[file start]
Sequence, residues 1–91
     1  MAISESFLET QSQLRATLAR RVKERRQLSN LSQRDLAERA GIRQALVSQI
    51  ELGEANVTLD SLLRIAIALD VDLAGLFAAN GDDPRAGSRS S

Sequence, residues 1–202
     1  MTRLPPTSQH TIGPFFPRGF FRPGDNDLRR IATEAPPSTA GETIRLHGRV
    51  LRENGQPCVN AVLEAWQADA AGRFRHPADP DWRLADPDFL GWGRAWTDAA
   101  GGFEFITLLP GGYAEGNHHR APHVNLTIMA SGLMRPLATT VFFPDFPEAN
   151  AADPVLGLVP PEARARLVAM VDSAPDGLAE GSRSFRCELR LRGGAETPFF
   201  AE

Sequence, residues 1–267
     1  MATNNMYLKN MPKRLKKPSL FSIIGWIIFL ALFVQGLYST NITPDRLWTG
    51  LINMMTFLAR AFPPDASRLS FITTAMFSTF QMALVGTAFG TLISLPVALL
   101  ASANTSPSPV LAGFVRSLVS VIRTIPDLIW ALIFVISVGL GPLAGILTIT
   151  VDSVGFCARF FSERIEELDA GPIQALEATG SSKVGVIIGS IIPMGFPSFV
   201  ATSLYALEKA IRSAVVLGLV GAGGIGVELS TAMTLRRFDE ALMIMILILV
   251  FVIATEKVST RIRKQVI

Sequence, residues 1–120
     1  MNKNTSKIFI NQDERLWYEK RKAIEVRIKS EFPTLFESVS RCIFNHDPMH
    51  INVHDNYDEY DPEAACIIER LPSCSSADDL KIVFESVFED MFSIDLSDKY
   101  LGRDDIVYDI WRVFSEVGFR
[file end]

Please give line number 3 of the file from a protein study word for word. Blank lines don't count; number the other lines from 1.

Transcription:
    51  ELGEANVTLD SLLRIAIALD VDLAGLFAAN GDDPRAGSRS S